HMB supplementation promotes muscle performance in cirrhotic patients
Sarcopenia (age-related muscle loss) represents an important burden in patients with cirrhosis (scarring of the liver caused by long-term liver damage) as it is associated with a high risk of morbidity and mortality.
Beta-hydroxy-beta-methylbutyrate (HMB) is a metabolite derived from leucine and its ketoacid alpha-ketoisocaproate (α-KIC) which has been shown to influence muscle protein turnover by stimulating protein synthesis and decreasing proteolysis.
The combination of its anabolic and anti-proteolytic properties makes HMB a potentially effective supplement for the treatment of sarcopenia in cirrhotic patients, according to the current study's authors. However, there are currently no data on the use of HMB in patients with chronic liver disease.
In a recent pilot study, the authors of the current study randomised patients after liver transplantation for supplementation with HMB (3 g/day) or placebo for 12 weeks. They observed a significant increase in appendicular lean mass and in the hand-grip strength in patients receiving supplementation, suggesting that HMB could improve the recovery of skeletal muscle in liver transplant patients.
The present monocentric, randomised pilot trial aimed to evaluate the effect of 12-week HMB supplementation vs. placebo on muscle mass and performance in a group of patients with liver cirrhosis.
Secondary endpoints were the assessment of the tolerance and safety of HMB in cirrhotic patients, changes in frailty, and changes in liver function or cognitive performance during treatment.
Twenty four outpatients (aged under 70) were recruited from the University Hospital Policlinico Umberto I, in Rome, and randomly assigned to the treatment group (HMB 3 g/day) or the placebo group (sorbitol 3 g/day) for 12 weeks (14 in the HMB group and 10 in the placebo group). Demographic data as well as weight, height and BMI were recorded.
The supplement or placebo was given to the patients as a white powder in sachets, with directions for it to be taken twice a day. All patients were given counseling for nutritional intake and moderate physical activity.
At enrolment, all patients underwent a complete physical performance battery - six-minute walk test, hand-grip test, and chair stands test, an assessment of the Liver Frailty Index (LFI), and cognitive tests.
For the evaluation of muscle mass, the patients underwent bioelectric impedance analysis (BIA) to measure the fat mass index, fat-free mass index, and phase angle. Ultrasound was also performed to measure the thickness of the quadriceps femoris muscle.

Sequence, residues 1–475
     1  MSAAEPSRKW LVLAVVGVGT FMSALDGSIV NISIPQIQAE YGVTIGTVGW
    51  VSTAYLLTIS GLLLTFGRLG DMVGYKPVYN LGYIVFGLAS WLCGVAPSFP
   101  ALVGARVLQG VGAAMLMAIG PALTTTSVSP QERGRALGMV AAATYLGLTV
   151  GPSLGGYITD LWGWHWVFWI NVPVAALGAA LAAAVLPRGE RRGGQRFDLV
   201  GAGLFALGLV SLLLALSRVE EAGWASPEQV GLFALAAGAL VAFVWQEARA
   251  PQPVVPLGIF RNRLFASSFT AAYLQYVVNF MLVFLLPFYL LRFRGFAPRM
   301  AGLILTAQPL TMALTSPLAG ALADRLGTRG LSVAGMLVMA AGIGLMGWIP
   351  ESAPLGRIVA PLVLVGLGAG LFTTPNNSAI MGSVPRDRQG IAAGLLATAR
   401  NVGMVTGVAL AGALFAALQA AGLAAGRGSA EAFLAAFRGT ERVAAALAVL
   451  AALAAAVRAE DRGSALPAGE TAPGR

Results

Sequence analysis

After 12 weeks (T1), the patients returned to the outpatients’ clinic to repeat measurements and tests. Subsequently, the study continued with a further observation period of 12 weeks (T2) after treatment discontinuation.
The resulting data suggest that HMB supplementation increased the muscle performance of cirrhotic patients compared to that of the placebo group.
Lean body mass as measured by BIA was not modified, but quadriceps thickness, measured using ultrasonography, improved (4.9 ± 1.8 vs. 5.4 ± 1.8 mm).
LFI was also ameliorated in the HMB group but not in the control group (4.1 ± 0.4 vs. 3.7 ± 0.4, p < 0.05). However, this improvement should be considered with caution, as the patients in the HMB group had a worse LFI at enrolment.
Patients receiving HMB supplementation achieved a significant improvement in muscle performance. Both the distance walked by patients in the six-minute walk test (6MWT: 361.8 ± 68 m vs. 409.4 ± 58 m) and the time required to get up five times from the chair (CST: 14.2 ± 5 s vs. 11.7 ± 2.6) were significantly improved vs. baseline.
The authors conclude that "adequate dietary intake and physical activity counseling alongside HMB supplementation for 12 weeks may improve muscle function in compensated cirrhotic patients. These positive results persisted for six months after discontinuation. Moreover, HMB supplementation is safe and well tolerated in compensated cirrhotic patients."
The authors note some limitations of this study include the small sample size and the under-representation of females (36% of patients).
Mechanism of action
Multiple pathways have been identified in which HMB plays a role in modulating skeletal muscle mass.
The first mechanism is the proliferation of myoblasts through the activation of the growth hormone/insulin-like growth factor-1 (GH/IGF-1) axis, which increases the proliferation, differentiation, and survival of myoblasts, resulting in a reduction in muscle atrophy and improvements in muscle strength.
The role of HMB in suppressing proteolysis has also been demonstrated through the inhibition of the ubiquitin–proteasome pathway in models of neoplastic cachexia as well as through the effect of attenuation of muscle atrophy secondary to steroid therapy.
Another pathway in which HMB plays a role is regulated by the enzyme mTOR, a stimulator of protein synthesis. Other effects of HMB that could potentially affect muscle growth and performance include the expression of the proliferation marker MyoD and the muscle differentiation markers MRFs, as well as the stimulation of myogenic cell proliferation via the MAPK/ERK and PI3K/Akt pathways.
In a recent systematic review, HMB was reported to improve lean muscle mass and function in older people with sarcopenia or frailty.
In accordance with Vallejo et al. and Holeček et al., the current study concluded that HMB appears to act mainly on muscle function rather than on muscle mass.
Lattanzi. B., Bruni. A., Di Cola. S., Molfino. A., De Santis. A., Muscaritoli. M., and Merli. M.
"The Effects of 12-Week Beta-Hydroxy-Beta-Methylbutyrate Supplementation in Patients with Liver Cirrhosis: Results from a Randomized Controlled Single-Blind Pilot Study"